As hotels go, jails make for lousy accommodations. The food isn’t that great and the atmosphere is a bit too captivating. And the worst part is, even if you can’t pay the tab, no one is going to evict you.
All kidding aside, that last sentence has been elevated to some degree of importance in recent days because of a ruling by 2nd District Judge Michael Allphin. He ordered an end to Davis County’s practice of charging inmates $10 for every day they stay in jail.
The charge, he said, was a form of restitution. The justice system hands down sentences, which may include fines, as a way for criminals to repay their debts to society and, one hopes, become rehabilitated. Jails exist to carry out those sentences, not to impose extra fines of their own.
That makes sense. It also means it’s best to get out of the way of the get-tough pendulum, which seems to be careening in the opposite direction from where it was going a few years ago.
Back in the ‘90s, a politician couldn’t go wrong by talking about locking people up and throwing away the key. Some states looked to the great American pastime — baseball — for guidance. Three-strikes laws guaranteed life sentences to people with three felony convictions, regardless of the severity of their crimes or their ability to hit a curve.
Apparently, no one had the patience for a football policy, which might have given people four downs before punting them away. Hockey was out of the question; let the Canadians give people 2 minutes in the box for assault.
In 2007, the Utah Legislature passed a law that allowed local jails to charge inmates up to $46 a day in rent. It was a policy that dovetailed nicely with the need, not often readily borne by citizens of any state, to pay what it costs to run jails.
Today, after years of declining crime rates, we hear more about alternative sentencing than getting tough. It’s popular to think of drug users as people in need of help, rather than as criminals. States are legalizing marijuana, for heaven’s sake. Rehabilitation seems to be taking center stage. You can hear the whoosh of the oncoming pendulum.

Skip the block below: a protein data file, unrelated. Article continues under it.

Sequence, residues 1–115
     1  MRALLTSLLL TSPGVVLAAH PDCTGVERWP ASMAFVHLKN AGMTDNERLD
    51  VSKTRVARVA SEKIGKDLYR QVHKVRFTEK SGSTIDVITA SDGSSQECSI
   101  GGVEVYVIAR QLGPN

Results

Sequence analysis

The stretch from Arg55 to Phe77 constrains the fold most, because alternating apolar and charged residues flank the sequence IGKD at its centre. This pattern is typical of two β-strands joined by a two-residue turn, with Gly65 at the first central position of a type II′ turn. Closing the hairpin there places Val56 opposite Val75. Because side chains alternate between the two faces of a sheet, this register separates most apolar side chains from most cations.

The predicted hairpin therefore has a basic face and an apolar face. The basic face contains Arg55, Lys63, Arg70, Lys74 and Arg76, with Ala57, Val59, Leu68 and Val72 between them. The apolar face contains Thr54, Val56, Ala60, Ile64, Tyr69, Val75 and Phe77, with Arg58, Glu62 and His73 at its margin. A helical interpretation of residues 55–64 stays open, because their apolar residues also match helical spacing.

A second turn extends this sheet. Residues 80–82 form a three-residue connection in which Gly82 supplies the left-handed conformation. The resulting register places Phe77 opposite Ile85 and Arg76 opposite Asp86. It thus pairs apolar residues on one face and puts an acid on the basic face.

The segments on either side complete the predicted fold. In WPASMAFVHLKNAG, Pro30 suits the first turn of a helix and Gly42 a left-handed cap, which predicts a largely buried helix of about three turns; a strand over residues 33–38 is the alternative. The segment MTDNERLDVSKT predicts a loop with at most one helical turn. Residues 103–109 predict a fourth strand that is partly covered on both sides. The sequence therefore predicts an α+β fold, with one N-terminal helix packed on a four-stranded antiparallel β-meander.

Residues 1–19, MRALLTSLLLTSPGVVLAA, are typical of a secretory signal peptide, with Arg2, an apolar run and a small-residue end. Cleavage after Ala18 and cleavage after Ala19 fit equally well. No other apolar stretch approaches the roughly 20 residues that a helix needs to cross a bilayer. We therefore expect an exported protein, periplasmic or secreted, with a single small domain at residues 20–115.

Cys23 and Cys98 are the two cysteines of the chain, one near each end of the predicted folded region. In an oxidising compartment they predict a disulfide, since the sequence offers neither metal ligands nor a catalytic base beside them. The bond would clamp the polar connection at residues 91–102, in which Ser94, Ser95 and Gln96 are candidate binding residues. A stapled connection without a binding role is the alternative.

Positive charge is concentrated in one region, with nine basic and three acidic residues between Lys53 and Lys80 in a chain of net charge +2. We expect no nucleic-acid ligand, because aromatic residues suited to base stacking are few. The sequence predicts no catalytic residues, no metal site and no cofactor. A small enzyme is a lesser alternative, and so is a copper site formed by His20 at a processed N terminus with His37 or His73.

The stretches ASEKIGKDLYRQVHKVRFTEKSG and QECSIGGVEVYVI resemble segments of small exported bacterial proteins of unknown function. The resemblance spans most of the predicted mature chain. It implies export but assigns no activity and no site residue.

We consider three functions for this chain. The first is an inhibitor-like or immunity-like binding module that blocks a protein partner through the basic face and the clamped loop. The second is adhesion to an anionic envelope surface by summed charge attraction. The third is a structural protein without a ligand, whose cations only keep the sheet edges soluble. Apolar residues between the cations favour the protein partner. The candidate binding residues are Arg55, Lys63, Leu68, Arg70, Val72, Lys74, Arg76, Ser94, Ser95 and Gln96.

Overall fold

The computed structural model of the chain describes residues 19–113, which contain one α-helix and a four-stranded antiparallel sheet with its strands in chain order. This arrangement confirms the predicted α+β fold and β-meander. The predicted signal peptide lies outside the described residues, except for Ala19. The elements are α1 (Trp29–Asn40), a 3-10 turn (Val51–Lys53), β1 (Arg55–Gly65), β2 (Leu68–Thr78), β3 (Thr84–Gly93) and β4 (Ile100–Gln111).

While Americans are never too far away from getting tough again if they have to, the absurdity of the Pay for Stay program is becoming apparent.
Inmates tend to be low-income. The policy could be said to be easiest on white-collar criminals, while adding an extra burden to the neighborhood meth addict who already has a lot of problems. And while Utah’s jails have all sorts of incentives to help inmates pay their bills when they are released (Salt Lake County gives a 50 percent discount to those who pay the entire balance during the first week of freedom — hmm, where could they get that kind of money quickly?), the jails have no power to go after former inmates who don’t pay.
There is some good news to consider in all this. Utah has a record of being not quite as nutty as other states when it comes to strange policies, and this is no exception. In California, jails not only charge rent, they allow inmates to pay extra for better accommodations.
For $155 a day, inmates at a jail in Fremont can access cable TV on a widescreen. They still have to share bathrooms and showers, but it’s quieter than where the lower-income riffraff stay. “You don’t get a warm cookie on your bed,” a police official wryly told WTKR.
Obviously, it hurts a little less to commit crimes there if you’re wealthy. To the state, that bit of unfairness apparently is worth the millions the program collects for cash-strapped local governments.
And that really is what this is about. According to a Deseret News story, Davis County collected $369,000 from its Pay for Stay program in 2013.
But at what cost?
Public officials can’t be blamed for finding ways to save public money. But there are good reasons why taxpayers ought to pay the full cost of enforcing the laws their representatives pass. Otherwise, prisoners might be seen as revenue enhancers, not as humans with problems to be fixed. That makes sense no matter where the get-tough pendulum is headed.
Copyright 2016, Deseret News Publishing Company